I've known for a while that the wackiness of Liberals is virtually unlimited, but this may well be a new record.
Chairman of the Council of Economic Advisors Jason Furman told reporters that Obamacare allowed greater “choice” not to work. Jay Carney followed. And soon left-wing media followed.
Or as Matthew Yglesias helpfully explains:
All things considered, I still think this is a happy story. Obamacare will kill jobs in the same way that Social Security kills jobs. By making it easier for people in certain circumstances to get by without a job.
I love that Liberals have now decided that what individuals voluntarily choose--regardless of the consequences for the rest of us--is fine. Question for them: shouldn't we therefore allow individuals to choose whether or not to have health insurance and if so, what kind?
Two comments I like:
1. Glenn Reynolds linked to Groucho Marx. "Wages? Do you wanna be wage slaves . . . No, of course not. Well, what makes wage slaves? WAGES!"
We are happy to see that the White House seems finally to have stumbled upon the concept of economic incentives — give people less reason to work and they will work less. But the administration still does not seem to be able to get its collective head around the fact that American workers are not just hungry mouths that have to be filled with paychecks: They are people who provide economically valuable goods and services. Those 2.5 million out of the work force may be happier at their leisure, but the economy as a whole will be substantially worse off without their contributions. We could, in theory, simply have the federal government deliver checks to every household and allow each and every one to follow his bliss as he sees fit, but the shelves of the grocery stores soon would be empty. The depth of the Obamacare crater in the labor force isn’t some abstract unemployment rate, but the lost value of the work those Americans would have done.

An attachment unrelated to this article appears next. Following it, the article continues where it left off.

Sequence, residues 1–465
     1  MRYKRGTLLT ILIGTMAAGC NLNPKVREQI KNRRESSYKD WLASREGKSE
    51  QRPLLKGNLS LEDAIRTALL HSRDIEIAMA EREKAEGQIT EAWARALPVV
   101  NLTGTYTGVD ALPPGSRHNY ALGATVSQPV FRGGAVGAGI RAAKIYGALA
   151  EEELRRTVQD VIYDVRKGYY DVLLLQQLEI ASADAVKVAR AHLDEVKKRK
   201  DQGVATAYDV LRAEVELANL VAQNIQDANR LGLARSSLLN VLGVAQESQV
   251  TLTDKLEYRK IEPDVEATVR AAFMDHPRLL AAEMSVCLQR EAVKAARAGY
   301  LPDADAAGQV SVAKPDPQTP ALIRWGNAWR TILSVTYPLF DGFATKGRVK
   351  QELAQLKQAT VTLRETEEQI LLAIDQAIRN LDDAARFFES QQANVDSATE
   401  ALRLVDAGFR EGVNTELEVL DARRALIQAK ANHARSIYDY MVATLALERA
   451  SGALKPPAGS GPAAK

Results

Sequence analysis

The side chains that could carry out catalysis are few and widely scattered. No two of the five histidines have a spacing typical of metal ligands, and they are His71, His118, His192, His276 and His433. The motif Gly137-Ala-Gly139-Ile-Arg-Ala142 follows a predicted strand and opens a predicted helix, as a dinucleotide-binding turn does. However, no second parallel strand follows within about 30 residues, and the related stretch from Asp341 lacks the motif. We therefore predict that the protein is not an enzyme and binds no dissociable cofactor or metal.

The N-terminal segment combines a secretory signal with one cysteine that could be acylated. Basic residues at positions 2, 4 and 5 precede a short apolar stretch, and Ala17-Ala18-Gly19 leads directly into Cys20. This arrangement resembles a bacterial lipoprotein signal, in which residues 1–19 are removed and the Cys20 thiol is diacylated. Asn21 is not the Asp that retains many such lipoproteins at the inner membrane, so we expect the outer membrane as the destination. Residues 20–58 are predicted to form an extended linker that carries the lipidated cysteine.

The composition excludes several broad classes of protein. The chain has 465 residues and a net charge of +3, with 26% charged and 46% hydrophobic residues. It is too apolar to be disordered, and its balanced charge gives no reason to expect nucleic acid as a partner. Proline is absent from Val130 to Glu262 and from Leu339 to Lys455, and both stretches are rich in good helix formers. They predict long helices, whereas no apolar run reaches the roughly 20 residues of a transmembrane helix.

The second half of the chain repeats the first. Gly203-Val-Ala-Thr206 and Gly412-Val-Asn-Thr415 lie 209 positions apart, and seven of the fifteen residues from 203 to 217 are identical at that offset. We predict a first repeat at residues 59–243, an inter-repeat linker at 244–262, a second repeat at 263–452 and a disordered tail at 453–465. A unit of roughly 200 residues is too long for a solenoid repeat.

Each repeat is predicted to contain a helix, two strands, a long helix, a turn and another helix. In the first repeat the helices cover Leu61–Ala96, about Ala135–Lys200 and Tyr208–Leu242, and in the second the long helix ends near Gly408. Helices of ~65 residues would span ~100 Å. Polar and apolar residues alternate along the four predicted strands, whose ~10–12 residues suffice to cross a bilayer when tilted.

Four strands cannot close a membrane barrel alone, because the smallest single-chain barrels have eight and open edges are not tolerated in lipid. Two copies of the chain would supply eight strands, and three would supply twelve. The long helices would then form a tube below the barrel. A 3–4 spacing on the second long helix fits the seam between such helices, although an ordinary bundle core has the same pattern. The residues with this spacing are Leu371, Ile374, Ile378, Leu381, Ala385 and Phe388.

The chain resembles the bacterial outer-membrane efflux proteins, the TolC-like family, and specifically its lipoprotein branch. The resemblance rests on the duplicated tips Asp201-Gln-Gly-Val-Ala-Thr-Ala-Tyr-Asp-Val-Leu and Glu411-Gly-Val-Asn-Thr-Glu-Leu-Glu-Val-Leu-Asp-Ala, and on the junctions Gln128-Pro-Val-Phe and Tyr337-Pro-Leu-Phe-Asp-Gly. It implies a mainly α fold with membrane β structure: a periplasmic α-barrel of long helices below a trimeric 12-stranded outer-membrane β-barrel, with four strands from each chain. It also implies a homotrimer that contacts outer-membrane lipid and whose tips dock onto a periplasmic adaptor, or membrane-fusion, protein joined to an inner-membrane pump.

UPDATE: Keith Hennessey today has an excellent post, the best I've seen.
ObamaCare’s defenders are taking two tacks today. First, they are emphasizing the significant financial benefits of those subsidized premiums to the people who receive them. That’s totally fair. They are also trying to argue that, when people choose not to work after the government increases their [effective] marginal tax rate, that’s OK because it’s the person’s choice not to work. That is Orwellian. . . .
If you choose to work less because you want to spend more time with your kids, that’s a good thing. If you choose to work less because the government raised your marginal effective tax rate and made work less financially rewarding, that’s a bad thing.